Mega explains removal of public files after blocking a third-party search engine that indexed user uploads

Mega explains removal of public files after blocking a third-party search engine that indexed user uploads ...

Mega, the newly launched file storage service, has explained why it decided to block a third-party search engine from accessing publicly available files shared by its users.

Writing on its blog, the company explained that the website was revoked access to Mega not only because it had used its branding without permission, but because it didn’t have a Digital Millenium Copyright Act (DMCA) takedown policy or registered DMCA agent:

“It has come to MEGA’s attention that there are micro search engines that use our (M) logo and other MEGA branding without authorization. Worse, such site(s) were reported in a highly publicized manner and purport to be globally available search engines, but don’t have their own DMCA takedown policy or registered DMCA agent.”

The third-party search engine in question was called It was all but taken down yesterday when the team behind Mega stopped the website from indexing files via a script.

Mega-Search wasn’t doing all of the hard work though. Due to Mega’s privacy setup, users needed to post links to their files on the website, along with a decryption key in the URL. Clicking on the link took you directly to Mega, where users could then download the file either to their computer or Mega account.

Although many of the files being posted were for pirated content, such as games, music, movies and software, Torrent Freak jumped in later on and claimed that “perfectly legal files” were being locked in some users’ Mega account for alleged copyright violations. “In all cases this happened after these users published links to the files elsewhere on the Internet,” a post on Torrent Freak’s website read.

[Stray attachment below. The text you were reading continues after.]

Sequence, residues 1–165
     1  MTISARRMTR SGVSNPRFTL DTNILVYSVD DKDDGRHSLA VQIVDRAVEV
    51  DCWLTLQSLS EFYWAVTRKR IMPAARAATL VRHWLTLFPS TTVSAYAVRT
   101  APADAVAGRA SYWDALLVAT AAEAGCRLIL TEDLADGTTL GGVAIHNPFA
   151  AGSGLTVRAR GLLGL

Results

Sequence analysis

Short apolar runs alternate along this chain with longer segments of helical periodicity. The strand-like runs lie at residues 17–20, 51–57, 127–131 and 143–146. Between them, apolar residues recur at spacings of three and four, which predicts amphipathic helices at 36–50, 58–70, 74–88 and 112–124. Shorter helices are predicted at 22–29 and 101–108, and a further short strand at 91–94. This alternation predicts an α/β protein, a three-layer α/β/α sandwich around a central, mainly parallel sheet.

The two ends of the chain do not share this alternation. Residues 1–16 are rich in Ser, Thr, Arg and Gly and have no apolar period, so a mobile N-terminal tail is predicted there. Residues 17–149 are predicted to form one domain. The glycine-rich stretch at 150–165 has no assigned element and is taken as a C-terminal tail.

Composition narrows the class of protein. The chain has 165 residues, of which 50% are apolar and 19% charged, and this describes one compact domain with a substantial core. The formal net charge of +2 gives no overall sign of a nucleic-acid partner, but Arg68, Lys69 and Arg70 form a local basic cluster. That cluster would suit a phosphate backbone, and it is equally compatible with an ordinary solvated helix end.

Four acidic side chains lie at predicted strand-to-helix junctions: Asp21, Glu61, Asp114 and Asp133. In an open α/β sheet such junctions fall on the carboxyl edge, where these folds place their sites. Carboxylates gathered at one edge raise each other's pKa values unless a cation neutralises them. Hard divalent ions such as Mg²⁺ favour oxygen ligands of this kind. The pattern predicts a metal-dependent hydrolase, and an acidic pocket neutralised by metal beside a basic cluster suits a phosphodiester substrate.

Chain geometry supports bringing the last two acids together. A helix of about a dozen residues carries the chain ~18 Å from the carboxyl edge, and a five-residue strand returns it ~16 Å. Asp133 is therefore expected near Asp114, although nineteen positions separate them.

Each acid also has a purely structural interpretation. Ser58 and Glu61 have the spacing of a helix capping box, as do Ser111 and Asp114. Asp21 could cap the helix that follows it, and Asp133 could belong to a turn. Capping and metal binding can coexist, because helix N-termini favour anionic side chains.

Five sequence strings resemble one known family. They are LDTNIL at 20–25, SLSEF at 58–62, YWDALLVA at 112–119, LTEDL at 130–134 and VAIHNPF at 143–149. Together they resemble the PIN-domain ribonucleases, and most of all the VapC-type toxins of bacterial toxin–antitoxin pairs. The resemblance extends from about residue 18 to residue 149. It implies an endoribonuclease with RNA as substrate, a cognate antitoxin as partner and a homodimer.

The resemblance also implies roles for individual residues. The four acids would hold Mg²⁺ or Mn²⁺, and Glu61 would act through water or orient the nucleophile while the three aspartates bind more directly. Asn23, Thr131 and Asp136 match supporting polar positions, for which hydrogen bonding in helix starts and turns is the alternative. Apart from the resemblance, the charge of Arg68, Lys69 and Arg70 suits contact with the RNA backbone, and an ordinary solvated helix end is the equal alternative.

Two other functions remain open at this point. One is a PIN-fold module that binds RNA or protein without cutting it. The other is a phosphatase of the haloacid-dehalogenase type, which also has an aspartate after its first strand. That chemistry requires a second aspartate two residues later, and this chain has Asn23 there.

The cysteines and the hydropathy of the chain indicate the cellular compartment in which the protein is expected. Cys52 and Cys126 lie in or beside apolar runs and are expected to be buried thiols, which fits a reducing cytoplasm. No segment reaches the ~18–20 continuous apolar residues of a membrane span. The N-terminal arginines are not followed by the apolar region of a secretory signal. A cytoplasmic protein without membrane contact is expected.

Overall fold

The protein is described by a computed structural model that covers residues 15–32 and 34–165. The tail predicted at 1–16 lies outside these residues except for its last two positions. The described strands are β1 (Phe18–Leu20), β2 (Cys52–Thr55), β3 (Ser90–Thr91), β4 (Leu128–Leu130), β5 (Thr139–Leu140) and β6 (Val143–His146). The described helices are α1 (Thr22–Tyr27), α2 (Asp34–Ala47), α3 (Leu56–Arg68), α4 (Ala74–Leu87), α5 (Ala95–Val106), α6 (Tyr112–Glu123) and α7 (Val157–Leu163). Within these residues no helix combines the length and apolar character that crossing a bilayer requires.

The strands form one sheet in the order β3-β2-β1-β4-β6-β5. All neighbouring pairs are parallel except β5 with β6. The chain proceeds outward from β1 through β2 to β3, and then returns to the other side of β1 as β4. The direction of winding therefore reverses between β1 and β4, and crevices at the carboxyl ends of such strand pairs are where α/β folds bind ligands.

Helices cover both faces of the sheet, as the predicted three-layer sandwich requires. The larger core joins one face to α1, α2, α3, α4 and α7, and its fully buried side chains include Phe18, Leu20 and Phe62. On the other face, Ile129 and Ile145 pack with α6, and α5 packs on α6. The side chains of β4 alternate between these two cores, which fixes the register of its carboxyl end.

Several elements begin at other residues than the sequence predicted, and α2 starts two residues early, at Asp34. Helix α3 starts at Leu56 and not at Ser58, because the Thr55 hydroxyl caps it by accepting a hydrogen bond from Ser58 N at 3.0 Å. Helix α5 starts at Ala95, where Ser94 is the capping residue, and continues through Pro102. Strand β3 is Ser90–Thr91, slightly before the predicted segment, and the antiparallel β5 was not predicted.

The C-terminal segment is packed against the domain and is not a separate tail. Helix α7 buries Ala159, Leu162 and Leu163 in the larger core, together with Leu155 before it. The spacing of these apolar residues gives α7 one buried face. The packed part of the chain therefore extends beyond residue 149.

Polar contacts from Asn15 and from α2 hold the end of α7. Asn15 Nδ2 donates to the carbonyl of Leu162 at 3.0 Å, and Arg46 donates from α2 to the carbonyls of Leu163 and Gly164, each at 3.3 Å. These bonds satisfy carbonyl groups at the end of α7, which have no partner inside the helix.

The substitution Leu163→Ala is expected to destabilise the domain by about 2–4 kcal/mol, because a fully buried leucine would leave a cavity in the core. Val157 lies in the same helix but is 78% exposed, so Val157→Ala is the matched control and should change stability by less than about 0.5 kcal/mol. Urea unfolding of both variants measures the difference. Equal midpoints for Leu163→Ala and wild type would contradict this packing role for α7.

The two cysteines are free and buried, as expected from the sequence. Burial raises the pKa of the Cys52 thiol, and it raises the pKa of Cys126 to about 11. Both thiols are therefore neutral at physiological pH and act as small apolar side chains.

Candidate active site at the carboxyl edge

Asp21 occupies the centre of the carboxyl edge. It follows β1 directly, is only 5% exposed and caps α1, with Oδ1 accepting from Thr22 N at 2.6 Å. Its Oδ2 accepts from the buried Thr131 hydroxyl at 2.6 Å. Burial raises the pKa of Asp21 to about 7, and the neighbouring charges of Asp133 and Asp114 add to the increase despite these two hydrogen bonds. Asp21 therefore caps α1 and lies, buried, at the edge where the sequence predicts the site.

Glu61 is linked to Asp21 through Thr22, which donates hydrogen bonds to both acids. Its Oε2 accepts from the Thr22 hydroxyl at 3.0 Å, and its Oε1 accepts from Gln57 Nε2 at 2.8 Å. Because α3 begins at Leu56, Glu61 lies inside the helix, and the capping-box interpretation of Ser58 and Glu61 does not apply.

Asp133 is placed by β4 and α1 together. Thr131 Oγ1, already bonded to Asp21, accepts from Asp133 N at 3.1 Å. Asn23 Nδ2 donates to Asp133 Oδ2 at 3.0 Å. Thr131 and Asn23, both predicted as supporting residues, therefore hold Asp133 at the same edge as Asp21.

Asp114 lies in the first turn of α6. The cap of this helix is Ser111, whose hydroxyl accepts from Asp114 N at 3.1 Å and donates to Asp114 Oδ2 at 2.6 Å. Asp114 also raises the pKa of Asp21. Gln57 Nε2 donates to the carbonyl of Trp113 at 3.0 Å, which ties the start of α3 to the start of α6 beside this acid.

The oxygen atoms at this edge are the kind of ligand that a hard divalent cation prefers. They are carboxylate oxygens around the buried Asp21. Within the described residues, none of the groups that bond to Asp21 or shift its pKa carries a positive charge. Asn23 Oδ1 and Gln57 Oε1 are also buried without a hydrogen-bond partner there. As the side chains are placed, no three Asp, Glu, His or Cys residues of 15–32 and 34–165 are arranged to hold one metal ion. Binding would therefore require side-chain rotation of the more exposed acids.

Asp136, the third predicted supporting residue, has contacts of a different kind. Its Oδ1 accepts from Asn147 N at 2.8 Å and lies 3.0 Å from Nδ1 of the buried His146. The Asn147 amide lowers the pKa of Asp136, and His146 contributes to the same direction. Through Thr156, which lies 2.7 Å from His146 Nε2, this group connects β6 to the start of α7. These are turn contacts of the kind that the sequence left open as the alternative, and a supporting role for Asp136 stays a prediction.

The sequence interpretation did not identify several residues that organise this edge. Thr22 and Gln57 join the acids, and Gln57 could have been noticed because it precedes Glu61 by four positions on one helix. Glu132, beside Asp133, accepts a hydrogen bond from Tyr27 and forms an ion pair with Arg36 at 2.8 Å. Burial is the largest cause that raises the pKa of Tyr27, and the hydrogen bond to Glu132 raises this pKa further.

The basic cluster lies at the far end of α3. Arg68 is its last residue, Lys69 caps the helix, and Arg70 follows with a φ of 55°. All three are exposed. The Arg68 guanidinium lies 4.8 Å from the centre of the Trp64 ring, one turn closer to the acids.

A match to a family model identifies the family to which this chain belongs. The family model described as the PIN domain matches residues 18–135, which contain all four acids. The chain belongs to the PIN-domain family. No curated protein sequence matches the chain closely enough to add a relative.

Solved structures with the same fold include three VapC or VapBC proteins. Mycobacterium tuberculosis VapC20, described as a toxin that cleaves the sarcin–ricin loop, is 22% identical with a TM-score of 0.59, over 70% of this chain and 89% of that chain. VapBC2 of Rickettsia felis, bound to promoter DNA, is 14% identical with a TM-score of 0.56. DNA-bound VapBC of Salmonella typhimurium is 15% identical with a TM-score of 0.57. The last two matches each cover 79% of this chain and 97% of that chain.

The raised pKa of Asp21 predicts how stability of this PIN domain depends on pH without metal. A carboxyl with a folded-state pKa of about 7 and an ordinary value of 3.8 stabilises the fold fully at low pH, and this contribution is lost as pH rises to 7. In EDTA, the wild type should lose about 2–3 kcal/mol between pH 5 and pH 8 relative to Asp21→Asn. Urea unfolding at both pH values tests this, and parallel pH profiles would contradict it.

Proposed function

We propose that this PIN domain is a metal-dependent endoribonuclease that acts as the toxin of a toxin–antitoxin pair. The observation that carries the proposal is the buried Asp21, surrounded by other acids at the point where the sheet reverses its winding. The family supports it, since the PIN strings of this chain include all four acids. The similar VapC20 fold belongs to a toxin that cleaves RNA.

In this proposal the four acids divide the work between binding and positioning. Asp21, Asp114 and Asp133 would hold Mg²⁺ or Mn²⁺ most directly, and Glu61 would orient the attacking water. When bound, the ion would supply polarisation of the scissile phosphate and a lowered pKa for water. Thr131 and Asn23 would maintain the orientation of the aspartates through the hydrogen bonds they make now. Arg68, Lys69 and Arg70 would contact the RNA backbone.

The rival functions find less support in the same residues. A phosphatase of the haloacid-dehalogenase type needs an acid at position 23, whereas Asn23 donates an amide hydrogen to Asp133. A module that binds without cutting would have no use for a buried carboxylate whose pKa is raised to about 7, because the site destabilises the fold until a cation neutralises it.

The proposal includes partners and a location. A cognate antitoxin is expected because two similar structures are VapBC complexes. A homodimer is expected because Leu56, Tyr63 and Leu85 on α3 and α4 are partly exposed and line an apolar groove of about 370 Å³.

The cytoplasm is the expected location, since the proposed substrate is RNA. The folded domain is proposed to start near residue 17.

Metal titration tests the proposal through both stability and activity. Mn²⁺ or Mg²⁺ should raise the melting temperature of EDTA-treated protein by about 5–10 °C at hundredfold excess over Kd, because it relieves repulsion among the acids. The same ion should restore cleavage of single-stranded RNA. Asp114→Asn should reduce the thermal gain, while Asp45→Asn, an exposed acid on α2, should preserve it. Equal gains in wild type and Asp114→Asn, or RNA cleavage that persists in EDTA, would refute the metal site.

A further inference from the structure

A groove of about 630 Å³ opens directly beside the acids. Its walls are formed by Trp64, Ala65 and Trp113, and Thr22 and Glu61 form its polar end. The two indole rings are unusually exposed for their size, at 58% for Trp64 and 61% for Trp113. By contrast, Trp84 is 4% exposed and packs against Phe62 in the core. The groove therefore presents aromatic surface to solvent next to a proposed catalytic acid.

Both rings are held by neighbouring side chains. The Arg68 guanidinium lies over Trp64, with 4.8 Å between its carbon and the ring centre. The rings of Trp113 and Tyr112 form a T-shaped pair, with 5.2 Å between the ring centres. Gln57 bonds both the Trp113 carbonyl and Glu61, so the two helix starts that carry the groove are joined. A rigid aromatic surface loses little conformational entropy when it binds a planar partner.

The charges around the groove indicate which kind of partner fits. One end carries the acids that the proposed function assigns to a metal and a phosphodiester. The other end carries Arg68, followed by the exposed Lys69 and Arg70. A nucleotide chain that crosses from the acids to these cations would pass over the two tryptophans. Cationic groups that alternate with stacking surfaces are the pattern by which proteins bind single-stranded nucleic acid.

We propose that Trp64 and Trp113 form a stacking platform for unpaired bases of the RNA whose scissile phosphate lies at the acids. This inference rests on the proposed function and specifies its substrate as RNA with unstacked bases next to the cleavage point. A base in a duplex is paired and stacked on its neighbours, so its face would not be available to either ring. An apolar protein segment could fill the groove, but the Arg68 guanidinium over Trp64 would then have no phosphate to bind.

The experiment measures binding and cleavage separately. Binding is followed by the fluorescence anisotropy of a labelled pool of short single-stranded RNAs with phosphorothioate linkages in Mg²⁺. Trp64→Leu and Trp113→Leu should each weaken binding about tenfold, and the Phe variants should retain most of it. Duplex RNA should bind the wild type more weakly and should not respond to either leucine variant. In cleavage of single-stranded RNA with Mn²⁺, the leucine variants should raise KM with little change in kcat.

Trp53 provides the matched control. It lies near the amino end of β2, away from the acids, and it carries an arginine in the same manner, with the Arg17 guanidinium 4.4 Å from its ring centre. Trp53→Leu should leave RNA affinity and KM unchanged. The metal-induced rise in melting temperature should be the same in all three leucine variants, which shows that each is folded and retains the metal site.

DMCA, or the Digital Millenium Copyright Act, is a piece of copyright law introduced in the United States that criminalizes the production and distribution of any services or technology that bypasses DRM for copyrighted content.

Mega has admitted that in line with the law, it is “not required to police its users” and that copyright owners themselves should be responsible for handling any activity that infringes the DMCA. “Service providers are under no such duty,” it adds.

In today’s blog post the company apologized to any users that have had authorized files taken down by mistake. However, the company doesn’t seem to be taking any action to reverse or solve the issue:

“We apologize to the very small number of users who, due to MEGA’s cautious legal practices, had some of their authorized files mistakenly taken down. We do believe that by ignoring our advice and making encryption keys public, especially through sites that do not even implement a proper notice-and-takedown protocol, you were not entirely unprepared for negative repercussions.”

Mega has essentially stood by its decision, declaring that by going against the firm’s advice, user’s were putting their data and user privacy in jeopardy.

So while the company has at least given a justification as to why they took action against Mega-Search, there’s no real solution or workaround for users that have been affected.

Image Credit: THOMAS SAMSON/AFP/Getty Images

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